Bankruptcy all around
"Jefferson County confronts a crisis involving a sewer debt of $3.25 billion that was incurred under court order pursuant to the federal Clean Water Act. Which of the following courses of action should be taken by the county? Select One:
- Attempt to implement a plan under Chapter 9 of the federal bankruptcy law that would repudiate all or a significant part of the sewer debt.
- Default on the payment of the sewer debt and accept the appointment of a receiver for the sewer system with power to raise sewer rates within the limits of the law to remedy such default.
- Pay the sewer debt in full by reducing the amount payable from sewer revenues and using various tax revenues to pay a portion of the debt. "
First off, which answer is the average taxpayer or sewer bill payer going to choose if that is the way the options are presented? What would local residents ask if some version of that was asked of City of Pittsburgh residents? I find the introductory sentence pretty amazing. I guess ranting about 'unfunded mandates' would come across as too esoteric for voters. And just what is someone voting for if they pick option #3? What exactly are 'various tax revenues' and what exactly does a 'portion' amount to.
It really is true that semantics matter in referenda, just ask the folks coming up with competing versions of how a drink tax referendum will be phrased. That's something I have been trying to avoid as a topic, but there is an odd odd thing in some of the proposed referenda wording that I will get to in the future.
Bankruptcy is a timely topic, not only because of last week's news on the Pittsburgh pension liability, but also check out the letter to the editor in the Post Gazette last Tuesday suggesting that the Port Authority just go bankrupt. So as not to repeat myself, I have touched the surface of the legal morass that would result if the City of Pittsburgh were to enter into a formal federal bankruptcy. That was in Why Vallejo Matters, and Why Vallejo Matters part II.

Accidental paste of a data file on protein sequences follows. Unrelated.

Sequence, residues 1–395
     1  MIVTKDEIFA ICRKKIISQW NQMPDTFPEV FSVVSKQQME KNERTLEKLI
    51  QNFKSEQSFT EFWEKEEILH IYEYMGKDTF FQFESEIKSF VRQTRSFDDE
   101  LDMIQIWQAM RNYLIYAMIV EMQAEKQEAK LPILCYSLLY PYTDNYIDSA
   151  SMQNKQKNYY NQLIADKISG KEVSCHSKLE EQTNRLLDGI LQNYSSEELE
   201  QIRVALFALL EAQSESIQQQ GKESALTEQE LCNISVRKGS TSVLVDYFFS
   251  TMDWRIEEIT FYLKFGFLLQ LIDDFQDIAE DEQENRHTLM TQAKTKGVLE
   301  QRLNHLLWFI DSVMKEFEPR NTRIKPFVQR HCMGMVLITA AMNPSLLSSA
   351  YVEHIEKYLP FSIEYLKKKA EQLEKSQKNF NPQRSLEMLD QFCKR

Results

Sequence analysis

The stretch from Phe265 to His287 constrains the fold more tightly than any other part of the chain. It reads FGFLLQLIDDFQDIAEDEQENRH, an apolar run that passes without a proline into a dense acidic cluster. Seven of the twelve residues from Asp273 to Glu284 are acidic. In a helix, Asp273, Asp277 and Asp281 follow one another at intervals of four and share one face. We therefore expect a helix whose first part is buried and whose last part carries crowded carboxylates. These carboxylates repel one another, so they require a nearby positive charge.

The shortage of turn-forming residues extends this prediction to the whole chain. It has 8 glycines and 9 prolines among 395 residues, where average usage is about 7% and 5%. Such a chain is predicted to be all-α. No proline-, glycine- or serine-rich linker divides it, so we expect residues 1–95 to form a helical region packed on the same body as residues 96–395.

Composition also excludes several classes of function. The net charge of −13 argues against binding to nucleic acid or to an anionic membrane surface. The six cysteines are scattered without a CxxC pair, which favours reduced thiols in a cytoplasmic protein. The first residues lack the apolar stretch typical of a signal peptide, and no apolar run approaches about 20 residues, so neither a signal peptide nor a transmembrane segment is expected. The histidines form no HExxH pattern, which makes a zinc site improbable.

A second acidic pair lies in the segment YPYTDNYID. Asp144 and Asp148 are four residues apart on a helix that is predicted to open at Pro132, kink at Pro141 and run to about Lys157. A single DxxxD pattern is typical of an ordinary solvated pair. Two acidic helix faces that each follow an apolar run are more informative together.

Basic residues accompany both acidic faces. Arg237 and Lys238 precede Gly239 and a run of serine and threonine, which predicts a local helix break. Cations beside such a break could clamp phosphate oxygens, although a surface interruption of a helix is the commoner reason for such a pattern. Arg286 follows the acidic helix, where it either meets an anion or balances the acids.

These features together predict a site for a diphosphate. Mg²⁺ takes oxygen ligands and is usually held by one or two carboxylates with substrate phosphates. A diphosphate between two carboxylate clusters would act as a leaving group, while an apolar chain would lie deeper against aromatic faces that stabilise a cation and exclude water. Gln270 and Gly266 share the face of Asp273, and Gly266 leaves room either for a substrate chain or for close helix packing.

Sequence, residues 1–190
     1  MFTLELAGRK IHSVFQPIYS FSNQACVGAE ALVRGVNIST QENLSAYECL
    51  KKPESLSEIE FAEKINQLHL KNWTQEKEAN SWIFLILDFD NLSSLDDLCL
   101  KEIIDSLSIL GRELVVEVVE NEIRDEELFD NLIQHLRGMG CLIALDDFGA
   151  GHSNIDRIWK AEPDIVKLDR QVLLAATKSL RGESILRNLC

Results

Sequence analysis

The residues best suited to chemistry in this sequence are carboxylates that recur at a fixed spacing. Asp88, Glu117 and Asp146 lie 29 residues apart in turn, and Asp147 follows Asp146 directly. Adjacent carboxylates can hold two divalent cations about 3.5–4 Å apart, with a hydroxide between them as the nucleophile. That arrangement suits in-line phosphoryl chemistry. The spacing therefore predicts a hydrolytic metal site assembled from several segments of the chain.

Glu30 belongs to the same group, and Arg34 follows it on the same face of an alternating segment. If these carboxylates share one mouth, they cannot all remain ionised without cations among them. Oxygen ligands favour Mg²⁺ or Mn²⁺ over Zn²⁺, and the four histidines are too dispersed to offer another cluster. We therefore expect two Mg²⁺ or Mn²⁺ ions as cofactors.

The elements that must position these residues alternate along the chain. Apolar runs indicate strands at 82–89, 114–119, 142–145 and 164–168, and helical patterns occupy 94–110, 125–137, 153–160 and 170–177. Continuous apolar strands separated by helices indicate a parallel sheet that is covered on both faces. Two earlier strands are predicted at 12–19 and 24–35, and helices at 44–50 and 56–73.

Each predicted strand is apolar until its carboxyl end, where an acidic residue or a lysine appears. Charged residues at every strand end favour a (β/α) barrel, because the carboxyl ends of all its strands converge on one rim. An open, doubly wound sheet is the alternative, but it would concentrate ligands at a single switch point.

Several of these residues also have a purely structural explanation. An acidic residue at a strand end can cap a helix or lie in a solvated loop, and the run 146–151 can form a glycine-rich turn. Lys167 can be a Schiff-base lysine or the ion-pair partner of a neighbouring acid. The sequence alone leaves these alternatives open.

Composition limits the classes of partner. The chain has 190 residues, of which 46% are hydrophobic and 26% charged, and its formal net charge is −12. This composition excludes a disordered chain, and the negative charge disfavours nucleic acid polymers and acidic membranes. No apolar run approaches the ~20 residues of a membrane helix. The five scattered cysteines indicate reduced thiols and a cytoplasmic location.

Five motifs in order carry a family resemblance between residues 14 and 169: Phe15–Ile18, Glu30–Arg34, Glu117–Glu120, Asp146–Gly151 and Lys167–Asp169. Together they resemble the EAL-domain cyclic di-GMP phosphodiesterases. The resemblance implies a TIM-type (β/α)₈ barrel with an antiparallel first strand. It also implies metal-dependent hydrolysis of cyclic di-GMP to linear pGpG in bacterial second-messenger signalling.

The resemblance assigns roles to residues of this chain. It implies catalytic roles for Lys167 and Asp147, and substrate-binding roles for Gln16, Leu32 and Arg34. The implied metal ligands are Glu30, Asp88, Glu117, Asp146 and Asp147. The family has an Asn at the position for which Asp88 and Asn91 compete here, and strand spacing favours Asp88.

I saw the letter to the editor from KZ's new blog on the transit negotiations (http://nocommuterleftbehind.wordpress.com) where he also discussed the letter to the editor. BTW, I really wonder if there is any official ATU blog out there, I've seen a few ATU friendly blogs, but as best I can tell nothing on the web site of the local ATU (driver's union) web site has been updated in years. One thing that is indisputable in these Port Authority contract negotiations, one side has an extensive public relations strategy and a well funded strategy at that... the other side is MIA on the PR front.
But the legal issues over a potential bankruptcy are even more muddled for a public authority like PAT than for the City of Pittsburgh. Could PAT go bankrupt? It certainly isn't impossible. Would the buses have to be sold off to pay off the accumulated health care liability that PAT didn't fund? What it would mean in the end is just too hard to quite figure out and the precedents for letting a large transit agency go into a Chapter 9 Federal bankruptcy are hard to find. I would say the one example is one from my first public finance class long ago which is the case of the Washington Public Power Supply System (WPPSS). Who ever let that be name exist, and the acronym it engendered ought to be fired since it is forever sounded out as 'Whoops'. But it was one of the classic examples of bad forecasting in itself and resulted in one of the largest Chapter 9 bankruptcies then and since. There was a time not long before it happened when the concept of WPPSS going bankrupt was completely inconceivable.